Updated from 1:40 p.m. EDT

Driven by a strong appetite for its optical networking technologies,

Corning

(GLW) - Get Report

said Monday that its third-quarter net profits rose 79%, but the company failed to inspire Wall Street, which may have wanted even more.

Corning said its pro forma earnings more than doubled to $317 million, or 35 cents a share, beating Wall Street's consensus estimate of 34 cents a share, according to

First Call/Thomson Financial

. The results, which exclude acquisition costs and other special charges, compare with earnings of $148 million, or 19 cents a share, in the comparable quarter of last year.

Including those items, Corning's net profits rose to $254 million, or 28 cents a share, from $142 million, or 18 cents a share, a year ago. Corning's third-quarter revenue, meanwhile, climbed 54% to $1.9 billion, from $1.25 billion a year ago. Revenue increased 37%, excluding the effect of acquisitions.

Shares of Corning, however, ended Monday regular trading down $4.50, or 4.25%, at $101.44. The company's stock has made a steady ascent over the last year, but is off a 52-week high of $113.31 hit near the end of the summer.

Corning recently told Wall Street to expect earnings of 34 to 35 cents a share, elevating analysts' hopes. So after the positive announcement, amid lofty expectations for optical networking companies, Wall Street may have been looking for even greater growth, "something with a little more oomph," said Peter Andrew, who covers the company for

A.G. Edwards & Sons

.

But positive signs abound, analysts said. For instance, Corning explained that sales of its high-capacity optical fiber product, Leaf, are likely to increase as a percentage of total fiber sales, heading from 30% this year to 35% in 2001, said Steven Fox, an analyst at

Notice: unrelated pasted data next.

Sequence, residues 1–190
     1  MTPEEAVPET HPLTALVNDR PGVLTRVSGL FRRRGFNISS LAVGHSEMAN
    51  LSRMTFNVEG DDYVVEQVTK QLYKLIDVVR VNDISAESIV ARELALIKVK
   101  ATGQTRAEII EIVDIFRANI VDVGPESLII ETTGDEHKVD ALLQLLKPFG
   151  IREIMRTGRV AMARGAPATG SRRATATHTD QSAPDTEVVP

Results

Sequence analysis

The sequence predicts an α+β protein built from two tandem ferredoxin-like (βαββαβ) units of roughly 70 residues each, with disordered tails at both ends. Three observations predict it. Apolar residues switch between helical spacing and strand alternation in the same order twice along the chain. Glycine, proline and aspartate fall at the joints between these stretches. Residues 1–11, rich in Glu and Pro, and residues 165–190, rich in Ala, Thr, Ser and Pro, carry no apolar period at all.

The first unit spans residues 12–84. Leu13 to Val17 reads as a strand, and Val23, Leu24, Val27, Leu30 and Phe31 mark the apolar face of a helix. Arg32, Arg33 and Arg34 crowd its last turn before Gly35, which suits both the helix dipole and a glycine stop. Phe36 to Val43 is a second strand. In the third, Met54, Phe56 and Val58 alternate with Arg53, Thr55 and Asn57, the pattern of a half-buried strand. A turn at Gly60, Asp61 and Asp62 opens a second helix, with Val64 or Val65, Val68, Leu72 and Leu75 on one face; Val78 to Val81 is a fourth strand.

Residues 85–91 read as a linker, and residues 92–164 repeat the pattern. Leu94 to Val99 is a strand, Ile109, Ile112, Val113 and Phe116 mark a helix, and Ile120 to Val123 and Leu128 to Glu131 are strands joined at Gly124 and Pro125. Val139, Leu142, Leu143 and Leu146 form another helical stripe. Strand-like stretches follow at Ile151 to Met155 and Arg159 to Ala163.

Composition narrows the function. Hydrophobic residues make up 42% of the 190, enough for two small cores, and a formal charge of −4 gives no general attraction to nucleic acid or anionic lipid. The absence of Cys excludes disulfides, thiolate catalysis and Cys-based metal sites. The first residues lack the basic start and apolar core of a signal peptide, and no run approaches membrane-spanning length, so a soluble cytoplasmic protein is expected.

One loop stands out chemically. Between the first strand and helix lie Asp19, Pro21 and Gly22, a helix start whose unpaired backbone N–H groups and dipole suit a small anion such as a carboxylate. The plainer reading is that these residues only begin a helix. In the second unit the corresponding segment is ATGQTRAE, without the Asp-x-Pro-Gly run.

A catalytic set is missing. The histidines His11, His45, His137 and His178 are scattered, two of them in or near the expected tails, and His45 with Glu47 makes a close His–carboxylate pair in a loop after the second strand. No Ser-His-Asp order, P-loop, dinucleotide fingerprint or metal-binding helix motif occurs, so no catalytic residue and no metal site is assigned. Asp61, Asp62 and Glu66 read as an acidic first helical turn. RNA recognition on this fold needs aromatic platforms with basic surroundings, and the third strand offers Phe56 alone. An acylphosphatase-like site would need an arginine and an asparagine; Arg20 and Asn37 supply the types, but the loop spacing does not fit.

Merrill Lynch

.

The trend bodes well for Corning, because Leaf remains the highest-margin product in its fiber business, added Fox, whose firm hasn't done any underwriting for Corning and rates its stock a buy. Sales of Leaf in the latest quarter rose 75% over last year's level, Fox noted.

At the same time, Corning said sales from its optical fiber and cable business increased 67% in the latest quarter, while sales of photonic technologies grew 113%, fueled by strong demand for the company's optical amplifiers.

Fox said he was impressed with the photonic technology revenue, which rose 15% from the previous quarter, but noted that the sales suffered because of lackluster business from

Lucent Technologies

(LU)

, which has struggled lately and often missed earnings projections.

"If not for Lucent's problems," he wrote in his report, "photonics sales would have risen 20% sequentially. The company has now redirected product initially intended for Lucent and expects photonics sales" to increase roughly 25% in the fourth quarter.

The latest optical technology allows telecommunications companies to transmit more voice, data and video traffic at faster speeds, enabling companies to keep pace with surging Internet use. Corning's Ackerman touted his company as a maker of technology that provides "the capacity to double Internet traffic every six months."

Corning, which in 1970 invented the first optical fiber capable of sending information over long distances, occupies the fiber-optic sector with

JDS Uniphase

(JDSU)

,

Nortel Networks

(NT)

and Lucent, which, by contrast, is expected to fall short of profit estimates when it reports its earnings after the market closes Monday.

Corning also said it anticipates pro forma earnings between $1.40 and $1.43 a share for 2001, ahead of forecasts and up from expected pro forma earnings between $1.15 and $1.17 a share for 2000. The 2001 figure, though, is 5% lower because of expenses linked to Corning's pending $3.6 billion acquisition of

Pirelli's

optical-components business. Corning expects to close that deal by the end of the fourth quarter.

Andrew of A.G. Edwards, which has not done any underwriting for Corning and rates the stock an accumulate, noted that the Corning, N.Y.-based company had not given analysts any indication until now of what to expect in 2001. "We were just throwing darts," Andrew said.